Amie-Rose Long is a contract product manager at NBC Universal Media. In this ProductTank London talk she discusses the answers of three product managers to her question: “Give me your horror stories, spare no gory detail.”
The stories reveal just how much the law of unforeseen consequences and ethical dilemmas can affect the decisions we make – and ultimately the users’ experience.
Any journey to create a product is rarely a matter of right or wrong decisions taken by one person. There are always lots of people involved and many grey areas and complexity within the organisation to be navigated. But when Amie analysed what motivates people to make the decisions they do, she realised that everyone in any organisation is just trying to do the right thing and do their job to the best of their ability. She sums it up as: “Everyone is the hero of their own story.”
Three Cautionary Tales
The problems encountered by the product managers in these stories are cultural and structural in nature rather than the fault of any individual. Amie illustrates this point using real-life examples given by the three product managers: Jack at Tiny Tech, Alison at a charity Hats For Cats, and Tim at Game On. (The data has been anonymised and all names have been changed).
#1. Jack at Tiny Tech
In Jack’s company Tiny Tech, free upgrades are promised as an incentive to every customer who signs up to a three-year contract for their product. At the point Jack joins, Tiny Tech has gone three years without releasing any upgrades.
Jack understands the problem from the users’ perspective and arranges to meet the customers in person to talk about the problem.
During the meeting the sales team promise to give the customers whatever feature they want to make sure they renew. The failure to give upgrades is not mentioned.
Jack decides to do the “right” thing and tells the customer’s CFO that no upgrades have been released for three years. The CFO is unaware that the company had not received the upgrades and now launches an internal investigation. This multi-million pound client may now not renew, not because it didn’t have the upgrades, but because the CFO didn’t know it hadn’t had the upgrades.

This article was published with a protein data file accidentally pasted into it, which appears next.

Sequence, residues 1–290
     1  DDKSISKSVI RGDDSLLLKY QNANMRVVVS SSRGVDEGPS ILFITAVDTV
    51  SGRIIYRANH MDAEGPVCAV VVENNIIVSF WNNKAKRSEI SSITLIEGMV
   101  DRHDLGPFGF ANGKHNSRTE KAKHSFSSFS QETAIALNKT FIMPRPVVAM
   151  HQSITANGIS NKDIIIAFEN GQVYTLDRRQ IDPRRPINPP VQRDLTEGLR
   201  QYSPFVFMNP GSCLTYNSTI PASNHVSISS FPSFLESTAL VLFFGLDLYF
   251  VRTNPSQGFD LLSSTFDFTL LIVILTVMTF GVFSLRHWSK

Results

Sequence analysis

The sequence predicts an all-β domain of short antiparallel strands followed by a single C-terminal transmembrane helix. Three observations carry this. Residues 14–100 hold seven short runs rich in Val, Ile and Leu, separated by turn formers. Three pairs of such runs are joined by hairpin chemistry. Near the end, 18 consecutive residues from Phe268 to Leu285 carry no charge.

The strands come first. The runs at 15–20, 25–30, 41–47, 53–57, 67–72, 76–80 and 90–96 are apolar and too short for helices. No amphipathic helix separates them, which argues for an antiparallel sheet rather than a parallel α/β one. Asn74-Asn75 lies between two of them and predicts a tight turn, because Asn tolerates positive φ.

Was Jack right to do what he did with so many people’s jobs relying on the renewal of the contracts? Something to think about…
#2. Alison at Hats For Cats
In the second story, Alison, the product manager for the charity Hats for Cats, is faced with a dilemma. The charity donations platform has a bug and is stealing £50 from people who donate through the platform. As soon as Alison discovers the bug she takes it to the CEO, however the CEO does not share Alison’s concern. He says the same bug was on the platform last year so he and the CFO set the default amount it would take from donors at £50, as it “seemed about right”.
Alison is not allowed to fix the bug, instead she gives the CEO a list of all the people who complained about the site taking £50. It’s not what she wants to do but faced with resistance from the CEO she feels she has little choice if she’s to keep her job.
#3. Tim at Game On
In the last story, Tim, the product manager for Game On, finds himself sucked into the culture of a business which values profit over users’ wellbeing. Tim suggests implementing regulations to help users moderate their use of the site, but his suggestions would interfere with the company’s success metrics – so his suggestions are refused. Tim becomes part of the company’s gaming culture until one day a little girl calls asking for her daddy’s money back as he’d lost all his money “gaming”. Tim could no longer ignore the impact gaming – or more accurately, gambling – was having on people using the site and quit his job.
Amie distills the lessons she learned from all three stories this way:
- Be conscious: be mindful of unintended consequences
- Model the behaviour you wish to see: you don’t know who is relying on you to do the right thing
- Know yourself: you don’t want to regret the decisions you make later on